He adds: “It is a risk. One of the things I was really pleased to see when I came in here was staff are entirely happy and feel it’s absolutely right to support the creation of social investment mechanisms which are nothing to do with our investment, and in some places even undermine it. So, for example, the push that we’ve done on social investment tax relief, getting that out to financial advisors and other people who advise wealthier people and might use that. Potentially that undermines social investment funds.”
That all sounds great but ultimately what’s the point?
Finally, I ask Prior what success looks like for him at BSC. What would he like to have happened by the end of his time in this role, whenever that may be?
He responds: “To me, it is this tool in the tool kit. The tool should be accessible, easily understood. If people have got comfort that the tool is there and, if the time was right, they’d know how to use it, and it would be on reasonable terms without overbearing complexity and burden on them, that would just be fantastic.”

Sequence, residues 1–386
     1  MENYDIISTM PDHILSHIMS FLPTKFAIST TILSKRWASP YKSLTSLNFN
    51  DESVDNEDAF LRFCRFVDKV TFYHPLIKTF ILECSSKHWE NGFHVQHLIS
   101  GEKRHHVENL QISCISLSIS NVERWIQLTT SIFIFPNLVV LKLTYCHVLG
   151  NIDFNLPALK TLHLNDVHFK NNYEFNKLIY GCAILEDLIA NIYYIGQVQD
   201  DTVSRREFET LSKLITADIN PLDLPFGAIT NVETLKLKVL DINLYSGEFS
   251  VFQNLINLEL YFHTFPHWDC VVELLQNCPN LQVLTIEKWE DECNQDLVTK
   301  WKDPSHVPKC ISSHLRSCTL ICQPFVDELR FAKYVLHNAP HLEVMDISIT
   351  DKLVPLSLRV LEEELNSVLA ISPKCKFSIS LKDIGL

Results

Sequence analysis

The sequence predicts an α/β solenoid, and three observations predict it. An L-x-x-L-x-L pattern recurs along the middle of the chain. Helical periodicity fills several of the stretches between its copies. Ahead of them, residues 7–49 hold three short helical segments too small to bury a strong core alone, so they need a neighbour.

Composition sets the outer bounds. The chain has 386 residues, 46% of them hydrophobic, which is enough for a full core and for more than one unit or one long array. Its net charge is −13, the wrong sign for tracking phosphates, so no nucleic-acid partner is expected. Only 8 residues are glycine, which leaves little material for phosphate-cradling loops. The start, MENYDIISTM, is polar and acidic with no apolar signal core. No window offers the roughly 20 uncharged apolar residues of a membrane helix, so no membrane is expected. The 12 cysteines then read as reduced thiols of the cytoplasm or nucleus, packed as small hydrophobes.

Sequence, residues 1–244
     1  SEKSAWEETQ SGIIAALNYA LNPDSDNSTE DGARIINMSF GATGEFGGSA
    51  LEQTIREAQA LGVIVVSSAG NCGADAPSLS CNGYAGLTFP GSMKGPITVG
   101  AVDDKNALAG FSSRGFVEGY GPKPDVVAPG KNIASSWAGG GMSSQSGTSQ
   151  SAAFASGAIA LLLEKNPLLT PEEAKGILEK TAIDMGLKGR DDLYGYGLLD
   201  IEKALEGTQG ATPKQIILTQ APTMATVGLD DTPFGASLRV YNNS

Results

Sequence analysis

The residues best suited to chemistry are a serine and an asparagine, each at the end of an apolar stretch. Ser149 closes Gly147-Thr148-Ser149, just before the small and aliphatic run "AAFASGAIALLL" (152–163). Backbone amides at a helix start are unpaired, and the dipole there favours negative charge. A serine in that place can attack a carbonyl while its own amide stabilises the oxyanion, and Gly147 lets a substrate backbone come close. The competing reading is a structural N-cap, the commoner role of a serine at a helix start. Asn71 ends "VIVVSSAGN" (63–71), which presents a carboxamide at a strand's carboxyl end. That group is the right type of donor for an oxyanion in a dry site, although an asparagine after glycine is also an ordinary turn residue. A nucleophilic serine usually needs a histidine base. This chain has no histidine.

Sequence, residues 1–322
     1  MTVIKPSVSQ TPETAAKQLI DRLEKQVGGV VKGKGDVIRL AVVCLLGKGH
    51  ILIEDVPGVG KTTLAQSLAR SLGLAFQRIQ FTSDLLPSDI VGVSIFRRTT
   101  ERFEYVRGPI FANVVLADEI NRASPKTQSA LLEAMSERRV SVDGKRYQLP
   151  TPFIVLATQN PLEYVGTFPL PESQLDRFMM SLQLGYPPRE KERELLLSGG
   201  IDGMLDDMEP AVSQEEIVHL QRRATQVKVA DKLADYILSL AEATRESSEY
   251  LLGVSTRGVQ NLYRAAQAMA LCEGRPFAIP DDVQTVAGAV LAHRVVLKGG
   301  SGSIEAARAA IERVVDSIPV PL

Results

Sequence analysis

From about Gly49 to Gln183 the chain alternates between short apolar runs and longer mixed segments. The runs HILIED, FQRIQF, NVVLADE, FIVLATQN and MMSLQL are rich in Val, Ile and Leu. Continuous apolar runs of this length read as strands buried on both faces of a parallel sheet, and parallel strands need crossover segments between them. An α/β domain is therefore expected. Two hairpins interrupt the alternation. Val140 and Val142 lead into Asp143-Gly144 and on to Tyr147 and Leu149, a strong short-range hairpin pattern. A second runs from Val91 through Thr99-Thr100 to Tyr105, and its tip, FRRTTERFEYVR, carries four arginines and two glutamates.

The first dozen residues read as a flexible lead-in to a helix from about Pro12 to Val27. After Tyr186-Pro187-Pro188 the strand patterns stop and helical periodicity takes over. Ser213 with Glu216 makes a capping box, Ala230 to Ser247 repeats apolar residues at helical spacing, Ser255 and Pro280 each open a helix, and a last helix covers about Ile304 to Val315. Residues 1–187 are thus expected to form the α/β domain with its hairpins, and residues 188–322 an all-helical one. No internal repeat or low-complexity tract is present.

He adds: “As well as that, I would love social investment alongside social enterprise and all the other social innovation, all the other tricks that we’ve got in the book, to solve a problem. I look at something like, for example, the Winterbourne challenge. We know exactly who [people living in dysfunctional care homes] are. We know what their needs are. We know what their aspirations are. Years after an enquiry report, why are their circumstances still so poor? That should be solvable. Could social investment contribute to solving that?”
“Let’s be more ambitious. The Poverty Premium. If you’re poor, pretty much everything you buy costs more. Your power supply costs more. Your mobile phone costs more. What can we do about that? What can we do to solve some of the big problems that require capital investment?”
“There are other problems that are amenable to other things, but there’s some problems which need social investment. Along with the charities and social enterprises that are trying to address those issues, I would love to help solve some of those problems. That’s, maybe, being too ambitious, but hey…”
It’s good to be ambitious.
Thanks a lot to Cliff Prior for making the time to do this interview.
*Wilson has not explained whether his prediction is for the size of the investment market or the contract market.
**Current BSC guidance is that they should now be referred to as ‘social investors’